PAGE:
Even Martin Luther King Jr., who went through hell to fight against racism was considered to have gone “too far” protesting the war in Vietnam and fighting for economic equality. He was told to stay in his lane.

There’s a long history of people with visibility, of celebrities, speaking out on issues they are not known for. Obviously, actors can have opinions too but the content and veracity of their opinions is like anybody else’s: it has to stand to scrutiny.

Neither Leonaro DiCaprio nor Charlie Sheen should be automatically disqualified for having an opinion on climate change or 9/11 because they are actors. But either of their opinions can and should be discredited if their formulation proves batshit.

But most of the time, people get nasty if you’re seen as straying from the script you’re most associated with. The president of the police union in Cleveland said after one protest “It’s pretty pathetic when athletes think they know the law. They should stick to what they know best on the field.”

Put together, it’s a way to pigeon-hole the protest and bury the lead. But it’s extremely potent.

For African-Americans, the potency is beyond the normal dismissal white celebrities face. Most Americans think Islam is the biggest terrorist threat when right-wing extremism and white-on-everyone-else terrorist acts are far likelier and higher in number. Speaking out as a black person against white racism, or war, or inequality is opening yourself up to any number of ugly reprisals.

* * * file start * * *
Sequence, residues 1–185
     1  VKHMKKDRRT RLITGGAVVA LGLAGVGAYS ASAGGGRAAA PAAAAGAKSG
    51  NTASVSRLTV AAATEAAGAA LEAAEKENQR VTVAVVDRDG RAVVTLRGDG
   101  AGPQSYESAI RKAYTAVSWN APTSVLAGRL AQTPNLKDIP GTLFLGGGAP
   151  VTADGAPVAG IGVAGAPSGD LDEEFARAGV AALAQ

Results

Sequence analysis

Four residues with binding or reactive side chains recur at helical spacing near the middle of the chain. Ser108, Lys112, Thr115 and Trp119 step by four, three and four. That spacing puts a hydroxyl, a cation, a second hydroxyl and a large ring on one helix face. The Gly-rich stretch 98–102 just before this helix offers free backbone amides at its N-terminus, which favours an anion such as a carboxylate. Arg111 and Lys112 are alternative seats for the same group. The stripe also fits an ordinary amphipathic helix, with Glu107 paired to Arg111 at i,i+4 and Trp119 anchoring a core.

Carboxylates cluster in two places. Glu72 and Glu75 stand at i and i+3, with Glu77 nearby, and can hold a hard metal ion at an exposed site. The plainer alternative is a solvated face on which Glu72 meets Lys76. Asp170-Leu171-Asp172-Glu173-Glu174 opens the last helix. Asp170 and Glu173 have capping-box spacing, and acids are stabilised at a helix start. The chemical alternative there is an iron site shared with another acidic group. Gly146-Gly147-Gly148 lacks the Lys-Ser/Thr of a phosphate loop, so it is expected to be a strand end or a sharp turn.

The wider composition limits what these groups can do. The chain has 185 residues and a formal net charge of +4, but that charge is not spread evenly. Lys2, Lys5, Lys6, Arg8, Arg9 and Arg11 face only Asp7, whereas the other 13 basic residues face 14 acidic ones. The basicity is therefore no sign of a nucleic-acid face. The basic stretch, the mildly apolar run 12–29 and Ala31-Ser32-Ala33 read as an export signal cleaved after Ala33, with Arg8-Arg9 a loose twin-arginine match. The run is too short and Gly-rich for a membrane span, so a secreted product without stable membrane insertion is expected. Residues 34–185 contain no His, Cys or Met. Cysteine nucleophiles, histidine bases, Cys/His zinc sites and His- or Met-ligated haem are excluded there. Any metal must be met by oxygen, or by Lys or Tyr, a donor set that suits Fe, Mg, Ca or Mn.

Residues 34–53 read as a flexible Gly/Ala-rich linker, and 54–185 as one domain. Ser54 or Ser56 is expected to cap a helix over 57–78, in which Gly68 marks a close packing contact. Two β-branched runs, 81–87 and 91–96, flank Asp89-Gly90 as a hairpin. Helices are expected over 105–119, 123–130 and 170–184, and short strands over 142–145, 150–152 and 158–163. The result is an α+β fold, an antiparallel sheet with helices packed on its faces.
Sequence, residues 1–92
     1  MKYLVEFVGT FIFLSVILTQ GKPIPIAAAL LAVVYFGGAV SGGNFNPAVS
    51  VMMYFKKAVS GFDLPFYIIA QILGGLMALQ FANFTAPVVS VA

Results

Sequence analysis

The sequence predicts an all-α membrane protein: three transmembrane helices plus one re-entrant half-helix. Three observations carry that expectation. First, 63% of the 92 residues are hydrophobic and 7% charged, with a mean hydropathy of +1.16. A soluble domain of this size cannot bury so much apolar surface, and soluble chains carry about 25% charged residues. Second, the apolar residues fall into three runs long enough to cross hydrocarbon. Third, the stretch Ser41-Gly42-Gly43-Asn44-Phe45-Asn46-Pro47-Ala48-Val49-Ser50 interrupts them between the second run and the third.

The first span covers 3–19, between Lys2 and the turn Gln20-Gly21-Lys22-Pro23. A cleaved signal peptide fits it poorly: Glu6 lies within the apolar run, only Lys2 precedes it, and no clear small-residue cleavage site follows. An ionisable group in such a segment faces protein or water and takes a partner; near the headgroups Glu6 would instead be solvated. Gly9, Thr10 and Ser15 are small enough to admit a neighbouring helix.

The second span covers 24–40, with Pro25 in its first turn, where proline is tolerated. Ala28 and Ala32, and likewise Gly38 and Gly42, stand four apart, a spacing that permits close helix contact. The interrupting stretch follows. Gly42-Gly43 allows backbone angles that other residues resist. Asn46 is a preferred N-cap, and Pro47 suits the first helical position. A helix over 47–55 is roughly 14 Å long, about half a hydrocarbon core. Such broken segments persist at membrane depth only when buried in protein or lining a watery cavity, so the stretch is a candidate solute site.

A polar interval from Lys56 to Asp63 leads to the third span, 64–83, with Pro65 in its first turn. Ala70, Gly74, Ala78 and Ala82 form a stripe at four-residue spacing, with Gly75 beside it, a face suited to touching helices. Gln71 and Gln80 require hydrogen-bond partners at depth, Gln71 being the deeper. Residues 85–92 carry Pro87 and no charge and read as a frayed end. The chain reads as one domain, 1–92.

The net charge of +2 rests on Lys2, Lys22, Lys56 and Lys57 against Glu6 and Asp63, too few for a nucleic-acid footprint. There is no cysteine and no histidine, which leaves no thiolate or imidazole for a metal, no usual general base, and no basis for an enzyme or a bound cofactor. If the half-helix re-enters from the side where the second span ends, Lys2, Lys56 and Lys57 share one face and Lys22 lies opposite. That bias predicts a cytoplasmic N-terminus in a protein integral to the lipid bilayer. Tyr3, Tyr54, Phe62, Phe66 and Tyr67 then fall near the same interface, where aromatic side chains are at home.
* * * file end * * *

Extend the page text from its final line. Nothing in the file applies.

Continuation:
• Take Chris Rock (@3:43) talking about racism and terrorism: “Did Al Qaeda blow up the building in Oklahoma? No. Did Al Qaeda put anthrax in your mail? No. Did Al Qaeda drag James Byrd down the street until his eyeballs popped out his fucking head? No. I ain’t scared of Al Qaeda, I’m scared of Al Cracka.”
  • Or Dave Chappelle talking about the Dixie Chicks and protesting the war, “I almost protested the war in the beginning. Almost. Until I saw what happened to them Dixie Chicks I said ‘Fuck. That.’ If they do that to three white women they will tear my black ass to pieces.”